“Do not be yoked together with unbelievers. For what do righteousness and wickedness have in common? Or what fellowship can light have with darkness? What harmony is there between Christ and Belial? Or what does a believer have in common with an unbeliever? What agreement is there between the temple of God and idols? For we are the temple of the living God. As God has said: “I will live with them and walk among them, and I will be their God, and they will be my people. Therefore, “Come out from them and be separate, says the Lord. Touch no unclean thing, and I will receive you.'” – 2 Corinthians 6:14-17
“Do not participate in the unfruitful deeds of darkness, but instead even expose them.” – Ephesians 5:11
“…holding to a form of godliness, although they have denied its power; Avoid such men as these.” – 2 Timothy 3:5
Jesus proclaimed that He is the ONLY way to salvation. That’s definitely not a popular message in our post-modern age of cooperation, pluralism, tolerance, and inclusiveness. But Christians should NOT join with religious unbelievers as they pray to their deities. That is cooperation with idolatry. Yes, we Christians must pray for our country’s leaders so that the Gospel can continue to be preached unhindered throughout this land, but we cannot join with religious unbelievers in this ministry.
Some Christian supporters of the NDP argue that the event can be used as an evangelism tool. But compromise works both ways. Cooperation and compromise with unbelief always leads to betrayal of the Gospel. The Old Testament is largely a record of the disastrous consequences of God’s people cooperating with idolatry.
In closing, I would ask born-again believers who regularly read God’s Word to try to imagine the Lord, Jesus Christ, or even the Apostle Paul, joining with the pagan religionists of 1st-century Palestine, Mesopotamia, and Asia Minor in ecumenical prayer. The notion is beyond preposterous and yet many followers of Christ will enthusiastically join with religious unbelievers in the National Day of Prayer. For many evangelicals, shared national citizenship and religious-tinged, patriotic fervor take precedence over fidelity to the Gospel. The pastor of the Southern Baptist church we previously attended encouraged participation in the NDP, which was one of several signs that we were worshipping at the wrong place.
Opposing viewpoints are welcome.
“The Church of Christ is continually represented under the figure of an army; yet its Captain is the Prince of Peace; its object is the establishment of peace, and its soldiers are men of a peaceful disposition. The spirit of war is at the extremely opposite point to the spirit of the gospel. Yet nevertheless, the church on earth has, and until the second advent must be, the church militant, the church armed, the church warring, the church conquering. And how is this? It is the very order of things that so it must be. Truth could not be truth in this world if it were not a warring thing, and we should at once suspect that it were not true if error were friends with it. The spotless purity of truth must always be at war with the blackness of heresy and lies.” – Charles H. Spurgeon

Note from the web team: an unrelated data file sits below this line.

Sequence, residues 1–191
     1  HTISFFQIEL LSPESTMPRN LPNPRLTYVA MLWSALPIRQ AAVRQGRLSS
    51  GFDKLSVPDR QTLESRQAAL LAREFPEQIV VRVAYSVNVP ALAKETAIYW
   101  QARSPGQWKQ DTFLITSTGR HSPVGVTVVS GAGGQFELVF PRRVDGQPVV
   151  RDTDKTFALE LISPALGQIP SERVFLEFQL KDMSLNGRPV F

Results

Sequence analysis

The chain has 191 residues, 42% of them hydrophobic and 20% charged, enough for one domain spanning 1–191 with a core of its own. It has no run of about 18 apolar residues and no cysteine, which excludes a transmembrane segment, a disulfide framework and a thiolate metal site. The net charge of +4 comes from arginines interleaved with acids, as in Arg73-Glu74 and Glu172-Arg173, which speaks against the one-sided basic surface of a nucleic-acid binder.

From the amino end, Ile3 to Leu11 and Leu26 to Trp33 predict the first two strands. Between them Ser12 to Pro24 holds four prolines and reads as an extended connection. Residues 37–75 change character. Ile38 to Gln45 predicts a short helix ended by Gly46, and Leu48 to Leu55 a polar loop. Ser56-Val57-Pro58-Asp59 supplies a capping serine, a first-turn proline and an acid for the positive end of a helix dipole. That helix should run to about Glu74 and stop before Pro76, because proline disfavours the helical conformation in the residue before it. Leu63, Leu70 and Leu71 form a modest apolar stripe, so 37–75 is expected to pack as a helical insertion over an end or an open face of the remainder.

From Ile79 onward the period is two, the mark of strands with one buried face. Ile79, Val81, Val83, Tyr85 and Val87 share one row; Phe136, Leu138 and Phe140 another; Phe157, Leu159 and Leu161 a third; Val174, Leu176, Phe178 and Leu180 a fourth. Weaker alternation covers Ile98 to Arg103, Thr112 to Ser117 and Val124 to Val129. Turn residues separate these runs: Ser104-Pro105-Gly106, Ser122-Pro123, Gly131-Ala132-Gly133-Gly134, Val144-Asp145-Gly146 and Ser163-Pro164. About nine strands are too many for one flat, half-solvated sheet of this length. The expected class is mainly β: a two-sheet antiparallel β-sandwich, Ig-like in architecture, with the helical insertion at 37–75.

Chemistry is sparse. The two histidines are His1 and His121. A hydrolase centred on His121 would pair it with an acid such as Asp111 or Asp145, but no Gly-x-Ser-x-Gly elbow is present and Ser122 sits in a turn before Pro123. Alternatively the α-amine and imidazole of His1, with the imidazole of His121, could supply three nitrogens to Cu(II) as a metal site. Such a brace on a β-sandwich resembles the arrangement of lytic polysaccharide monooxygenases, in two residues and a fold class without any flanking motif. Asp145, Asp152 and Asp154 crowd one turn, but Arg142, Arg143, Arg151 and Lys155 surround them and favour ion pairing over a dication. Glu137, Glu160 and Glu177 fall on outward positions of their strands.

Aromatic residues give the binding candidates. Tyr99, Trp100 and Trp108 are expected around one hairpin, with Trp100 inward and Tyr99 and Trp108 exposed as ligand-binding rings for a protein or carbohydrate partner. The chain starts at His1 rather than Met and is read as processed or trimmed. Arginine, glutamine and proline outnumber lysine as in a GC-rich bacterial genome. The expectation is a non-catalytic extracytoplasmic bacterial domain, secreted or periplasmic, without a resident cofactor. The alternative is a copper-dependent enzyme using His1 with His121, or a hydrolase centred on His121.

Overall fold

Three weeks ago, my wife and I were eagerly looking forward to our trip to Germany to visit family. We were eating breakfast on the morning of March 22 when news sources reported the three coordinated ISIS bombings in Brussels, Belgium, killing 32 and injuring over 300. We looked at each other with some concern. Hmm, not a good time to be visiting Europe, we thought. But the reality is it’s relatively much more dangerous to walk the streets of Detroit, Chicago, and New York than any city in Europe.
On April 1st, we finally boarded the plane for our transatlantic flight from Newark, New Jersey to Frankfurt, Germany. At a cruising speed of around 500 mph, it takes a large, commercial passenger jet about 8 hours to travel the 4000 mile distance. The normal altitude for transatlantic flights is between 6 and 7 miles above the Earth. There’s very little material between the passengers and the -66 F temperature outside the plane’s cabin.
My wife and I aren’t exactly frequent fliers so plane rides are still a little bit unnerving, especially while traveling through patches of turbulence. Of course, thousands of airplanes take off every day around the world with reports of accidents being very rare. The chances of dying in a commercial plane crash are said to be around 1 in 53,000,000, much better odds than driving your car to work every day. But sitting in a speeding tin can, miles above the ground, and rocked by changing air currents, can make one feel especially vulnerable. Life is such a fragile gift. It could end in a split second, whether while driving to work, riding in a plane, or walking through a train station in a European city.
While sitting in that airplane seat, I thought often about my Shepherd. My life is His. I am in His hands. Always. He puts my fears and worries in perspective. To leave this Earth is to be present with Him.
Yesterday, I was studying Psalm 103, one of my favorites, and read the following verses:
“As a father pities his children, So the Lord pities those who fear Him. For He knows our frame; He remembers that we are dust. As for man, his days are like grass; As a flower of the field, so he flourishes. For the wind passes over it, and it is gone, And its place remembers it no more. But the mercy of the Lord is from everlasting to everlasting On those who fear Him.” – verses 13-17
Within our own personal universes we can’t conceive of our own deaths. We can’t imagine a world without us. But this life is fleeting. Take the opportunity to accept Jesus Christ as your Savior, today. Don’t wait until tomorrow. None of us know what may transpire in the course of a single, unpredictable day. Church membership won’t save you. Trying to obey the Ten Commandments or trying to be a good person won’t save you. Only accepting Jesus as your Savior will save you.
“And this is the testimony: that God has given us eternal life, and this life is in His Son. He who has the Son has life; he who does not have the Son of God does not have life.” – 1 John 5:11-12